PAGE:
Vatican statistics on global Catholics has some surprises

It is that time of the year again: The Vatican has released its annual report on global Catholic Church membership. 

The report’s friendly name is the “Statistical Annuary of the Church,” and is prepared each year by, appropriately enough, the Central Office of Statistics of the Church, and presented to the pope in an audience, along with a fresh copy of the Pontifical Annuary, which compiles specific information on the bishops and dioceses, organizations and Church officials around the globe. (The 2011 copy on my desk is about 2,400 pages.) 

The bottom line, according to data compiled to the end of 2010: The total number of Catholics in the world and the number of deacons, priests and bishops all increased. 

Continued decreases, however, were seen in the number of women religious. 

A years-long decline in the number of religious men halted in 2010. 

Some more of the statistics, as compiled by Catholic News Service: 

The worldwide Catholic population reached 1.196 billion, an increase of 15 million or 1.3 percent, slightly outpacing the global population growth rate, which was estimated at 1.1 percent. Catholics as a percentage of the global population “remained stable at around 17.5 percent.”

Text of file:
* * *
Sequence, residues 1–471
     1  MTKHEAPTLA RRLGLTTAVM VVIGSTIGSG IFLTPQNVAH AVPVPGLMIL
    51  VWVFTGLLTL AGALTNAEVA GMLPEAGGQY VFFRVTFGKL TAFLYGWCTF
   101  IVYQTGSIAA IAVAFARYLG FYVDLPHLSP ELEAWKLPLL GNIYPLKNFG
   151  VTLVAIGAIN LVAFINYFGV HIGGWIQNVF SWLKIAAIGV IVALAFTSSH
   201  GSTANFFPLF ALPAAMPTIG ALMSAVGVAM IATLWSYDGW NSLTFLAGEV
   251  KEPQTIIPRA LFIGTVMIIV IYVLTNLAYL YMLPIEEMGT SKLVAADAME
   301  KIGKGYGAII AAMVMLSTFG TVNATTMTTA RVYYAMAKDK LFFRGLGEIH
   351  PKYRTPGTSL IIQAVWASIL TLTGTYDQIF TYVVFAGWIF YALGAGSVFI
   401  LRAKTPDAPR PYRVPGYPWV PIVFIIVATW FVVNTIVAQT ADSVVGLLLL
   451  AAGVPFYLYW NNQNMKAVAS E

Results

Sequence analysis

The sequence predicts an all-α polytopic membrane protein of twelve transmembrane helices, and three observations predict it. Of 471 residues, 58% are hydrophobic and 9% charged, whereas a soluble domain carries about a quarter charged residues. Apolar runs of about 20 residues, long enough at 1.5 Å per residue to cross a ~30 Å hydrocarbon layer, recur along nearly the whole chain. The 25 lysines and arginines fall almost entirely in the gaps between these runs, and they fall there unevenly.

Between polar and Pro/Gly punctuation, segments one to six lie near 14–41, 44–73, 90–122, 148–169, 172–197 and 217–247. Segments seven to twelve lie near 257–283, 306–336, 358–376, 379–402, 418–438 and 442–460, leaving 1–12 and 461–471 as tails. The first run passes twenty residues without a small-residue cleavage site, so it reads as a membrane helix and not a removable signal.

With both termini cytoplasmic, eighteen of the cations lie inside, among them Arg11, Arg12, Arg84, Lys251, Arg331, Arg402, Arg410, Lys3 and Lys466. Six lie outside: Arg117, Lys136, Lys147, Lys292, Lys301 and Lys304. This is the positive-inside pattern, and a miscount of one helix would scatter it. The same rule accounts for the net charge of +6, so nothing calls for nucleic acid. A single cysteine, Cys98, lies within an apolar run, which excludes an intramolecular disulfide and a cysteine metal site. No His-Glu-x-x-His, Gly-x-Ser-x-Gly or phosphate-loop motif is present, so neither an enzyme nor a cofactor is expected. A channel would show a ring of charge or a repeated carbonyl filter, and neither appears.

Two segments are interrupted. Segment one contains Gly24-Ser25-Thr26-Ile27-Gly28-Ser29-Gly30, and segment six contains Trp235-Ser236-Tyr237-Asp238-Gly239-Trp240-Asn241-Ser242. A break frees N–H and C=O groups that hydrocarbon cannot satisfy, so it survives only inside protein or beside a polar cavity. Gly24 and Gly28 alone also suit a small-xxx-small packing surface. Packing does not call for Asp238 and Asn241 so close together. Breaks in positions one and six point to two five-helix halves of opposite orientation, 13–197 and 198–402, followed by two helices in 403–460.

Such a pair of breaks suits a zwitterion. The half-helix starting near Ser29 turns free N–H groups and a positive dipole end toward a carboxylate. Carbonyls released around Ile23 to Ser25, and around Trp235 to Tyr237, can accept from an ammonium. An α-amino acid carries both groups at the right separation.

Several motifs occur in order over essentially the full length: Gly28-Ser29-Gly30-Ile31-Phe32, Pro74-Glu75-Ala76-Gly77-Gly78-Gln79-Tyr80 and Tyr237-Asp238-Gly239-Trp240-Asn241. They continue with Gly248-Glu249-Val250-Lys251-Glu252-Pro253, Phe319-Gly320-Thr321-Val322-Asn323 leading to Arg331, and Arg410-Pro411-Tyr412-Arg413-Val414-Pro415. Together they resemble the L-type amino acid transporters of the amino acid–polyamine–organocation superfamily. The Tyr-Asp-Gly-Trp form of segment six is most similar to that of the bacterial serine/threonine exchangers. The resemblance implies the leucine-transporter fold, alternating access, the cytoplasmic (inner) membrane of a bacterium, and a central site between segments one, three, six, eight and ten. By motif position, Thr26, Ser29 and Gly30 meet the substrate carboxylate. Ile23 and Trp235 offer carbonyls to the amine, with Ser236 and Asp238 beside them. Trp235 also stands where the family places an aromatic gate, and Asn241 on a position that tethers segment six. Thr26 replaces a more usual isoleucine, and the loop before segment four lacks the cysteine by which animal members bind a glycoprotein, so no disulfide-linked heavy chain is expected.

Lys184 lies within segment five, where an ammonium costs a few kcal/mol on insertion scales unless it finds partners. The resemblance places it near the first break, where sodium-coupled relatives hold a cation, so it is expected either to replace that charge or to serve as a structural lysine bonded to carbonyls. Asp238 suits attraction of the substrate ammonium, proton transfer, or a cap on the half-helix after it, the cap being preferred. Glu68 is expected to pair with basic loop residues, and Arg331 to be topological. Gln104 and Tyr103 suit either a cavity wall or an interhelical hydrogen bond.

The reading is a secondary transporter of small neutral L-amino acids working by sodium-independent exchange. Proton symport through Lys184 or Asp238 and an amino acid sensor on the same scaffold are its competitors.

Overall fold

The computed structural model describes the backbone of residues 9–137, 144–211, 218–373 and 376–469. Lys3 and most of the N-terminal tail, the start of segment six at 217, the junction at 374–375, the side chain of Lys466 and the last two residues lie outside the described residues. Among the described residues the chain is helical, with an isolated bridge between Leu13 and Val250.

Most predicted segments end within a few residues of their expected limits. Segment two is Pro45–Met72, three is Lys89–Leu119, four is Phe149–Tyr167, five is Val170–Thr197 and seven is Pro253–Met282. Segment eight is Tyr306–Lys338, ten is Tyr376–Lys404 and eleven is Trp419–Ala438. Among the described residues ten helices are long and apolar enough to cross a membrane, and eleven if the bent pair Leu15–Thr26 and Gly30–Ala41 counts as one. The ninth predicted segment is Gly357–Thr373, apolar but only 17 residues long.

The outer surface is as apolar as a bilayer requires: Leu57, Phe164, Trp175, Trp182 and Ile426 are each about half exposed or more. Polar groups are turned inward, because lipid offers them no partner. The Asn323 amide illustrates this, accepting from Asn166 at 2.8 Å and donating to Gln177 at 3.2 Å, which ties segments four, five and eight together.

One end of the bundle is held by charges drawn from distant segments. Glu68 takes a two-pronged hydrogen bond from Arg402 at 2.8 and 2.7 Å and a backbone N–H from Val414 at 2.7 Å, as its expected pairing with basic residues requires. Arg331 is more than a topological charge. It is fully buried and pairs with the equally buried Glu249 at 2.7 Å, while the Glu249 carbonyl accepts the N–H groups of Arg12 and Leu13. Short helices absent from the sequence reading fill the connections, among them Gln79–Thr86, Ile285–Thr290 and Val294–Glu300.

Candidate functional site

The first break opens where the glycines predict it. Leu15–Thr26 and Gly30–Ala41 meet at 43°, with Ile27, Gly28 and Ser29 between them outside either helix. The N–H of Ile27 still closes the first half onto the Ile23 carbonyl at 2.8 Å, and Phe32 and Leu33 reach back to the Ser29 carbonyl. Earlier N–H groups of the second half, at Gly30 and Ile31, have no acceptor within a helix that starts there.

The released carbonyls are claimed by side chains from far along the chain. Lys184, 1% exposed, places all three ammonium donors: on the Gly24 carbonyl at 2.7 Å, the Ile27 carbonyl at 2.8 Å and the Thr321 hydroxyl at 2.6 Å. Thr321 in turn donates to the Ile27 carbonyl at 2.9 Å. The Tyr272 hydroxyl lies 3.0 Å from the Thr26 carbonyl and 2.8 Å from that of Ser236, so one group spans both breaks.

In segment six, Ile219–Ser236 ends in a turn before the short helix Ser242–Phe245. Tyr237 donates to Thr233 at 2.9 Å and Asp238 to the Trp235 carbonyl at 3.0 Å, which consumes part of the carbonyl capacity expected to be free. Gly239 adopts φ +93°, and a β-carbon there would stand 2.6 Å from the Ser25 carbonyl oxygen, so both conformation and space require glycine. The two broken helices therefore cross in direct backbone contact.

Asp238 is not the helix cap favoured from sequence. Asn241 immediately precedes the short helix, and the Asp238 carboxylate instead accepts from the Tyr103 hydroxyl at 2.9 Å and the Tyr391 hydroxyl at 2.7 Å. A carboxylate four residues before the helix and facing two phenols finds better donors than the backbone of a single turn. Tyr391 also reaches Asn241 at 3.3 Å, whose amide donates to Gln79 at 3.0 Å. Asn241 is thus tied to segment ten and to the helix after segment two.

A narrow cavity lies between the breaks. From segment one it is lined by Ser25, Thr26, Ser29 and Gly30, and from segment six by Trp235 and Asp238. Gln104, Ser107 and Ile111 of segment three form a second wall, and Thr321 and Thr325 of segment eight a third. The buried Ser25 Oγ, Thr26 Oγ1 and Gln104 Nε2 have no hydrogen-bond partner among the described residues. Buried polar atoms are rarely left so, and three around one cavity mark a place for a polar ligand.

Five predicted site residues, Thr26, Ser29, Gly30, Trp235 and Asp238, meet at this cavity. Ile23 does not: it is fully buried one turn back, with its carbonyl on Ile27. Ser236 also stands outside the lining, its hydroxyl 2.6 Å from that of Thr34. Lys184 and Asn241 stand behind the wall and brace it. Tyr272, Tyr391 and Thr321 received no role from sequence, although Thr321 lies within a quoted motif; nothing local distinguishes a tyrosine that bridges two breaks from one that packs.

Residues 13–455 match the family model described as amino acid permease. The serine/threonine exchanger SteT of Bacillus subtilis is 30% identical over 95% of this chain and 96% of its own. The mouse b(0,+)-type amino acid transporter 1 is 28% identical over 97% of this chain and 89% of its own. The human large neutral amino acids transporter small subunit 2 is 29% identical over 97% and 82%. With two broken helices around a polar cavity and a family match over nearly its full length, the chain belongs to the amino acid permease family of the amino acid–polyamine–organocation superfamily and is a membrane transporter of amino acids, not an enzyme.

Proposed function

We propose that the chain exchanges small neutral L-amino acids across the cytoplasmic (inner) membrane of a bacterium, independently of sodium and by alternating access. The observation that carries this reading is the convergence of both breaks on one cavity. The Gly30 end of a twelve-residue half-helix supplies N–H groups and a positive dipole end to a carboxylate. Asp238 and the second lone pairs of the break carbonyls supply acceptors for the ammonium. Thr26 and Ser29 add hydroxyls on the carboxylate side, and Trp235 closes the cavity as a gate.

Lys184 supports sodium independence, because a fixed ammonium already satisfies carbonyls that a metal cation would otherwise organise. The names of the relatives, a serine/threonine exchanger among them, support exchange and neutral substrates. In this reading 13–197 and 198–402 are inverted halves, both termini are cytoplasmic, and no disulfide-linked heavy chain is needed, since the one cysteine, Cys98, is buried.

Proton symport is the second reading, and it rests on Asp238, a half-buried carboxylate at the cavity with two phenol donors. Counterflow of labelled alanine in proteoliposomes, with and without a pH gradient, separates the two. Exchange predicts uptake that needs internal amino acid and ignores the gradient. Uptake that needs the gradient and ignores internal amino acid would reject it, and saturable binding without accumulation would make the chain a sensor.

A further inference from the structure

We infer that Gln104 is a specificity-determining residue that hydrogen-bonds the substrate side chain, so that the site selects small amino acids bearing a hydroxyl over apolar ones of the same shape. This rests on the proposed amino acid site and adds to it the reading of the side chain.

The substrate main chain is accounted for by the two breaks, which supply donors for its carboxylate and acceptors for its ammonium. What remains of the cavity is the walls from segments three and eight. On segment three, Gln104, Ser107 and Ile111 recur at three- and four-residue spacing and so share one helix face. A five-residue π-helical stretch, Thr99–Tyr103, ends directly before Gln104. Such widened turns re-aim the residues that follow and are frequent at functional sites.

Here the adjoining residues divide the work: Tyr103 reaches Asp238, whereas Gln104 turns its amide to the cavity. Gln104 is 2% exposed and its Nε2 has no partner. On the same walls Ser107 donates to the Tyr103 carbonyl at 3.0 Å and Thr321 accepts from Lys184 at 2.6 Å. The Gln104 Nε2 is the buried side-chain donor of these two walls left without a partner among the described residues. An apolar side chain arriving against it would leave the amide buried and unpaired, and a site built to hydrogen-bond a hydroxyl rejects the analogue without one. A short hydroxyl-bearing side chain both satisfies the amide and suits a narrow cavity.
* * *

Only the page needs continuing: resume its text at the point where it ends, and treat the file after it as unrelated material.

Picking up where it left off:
The percentage of Catholics declined slightly in South America from 28.54 percent to 28.34 percent of the regional population, and dropped considerably in Europe from 24.05 percent to 23.83 percent. In Southeast Asia and Africa, the percentage of Catholics increased in 2010 by just under half a percentage point. 

The number of bishops in the world increased from 5,065 to 5,104. 

The number of priests grew from 410,593 to 412,236, increasing on every continent except Europe, which had 905 fewer priests at the end of 2010 than it did at the end of 2009. 

The number of permanent deacons reported — 39,564 — was an increase of more than 1,400 over the previous year. Almost all — 97.5 percent — of the world’s permanent deacons live in the Americas or in Europe. 

The number of religious men showed the first increase in years, growing by 436 to 54,665. 

The number of women religious fell by 7,500 to 721,935, despite showing a 2 percent increase in both Asia and Africa. 

The number of seminarians around the world showed continued growth, from 117,978 at the end of 2009 to 118,990 at the end of 2010. In the last five years, the number of seminarians rose more than 14.2 percent in Africa, 13 percent in Asia and 12.3 percent in Oceania. Numbers decreased in other regions of the world, particularly Europe, which saw a 10.4 percent drop in the number of seminarians between 2005 and 2010. They dropped in the Americas by 1.1 percent. 

I look forward to hearing your comments at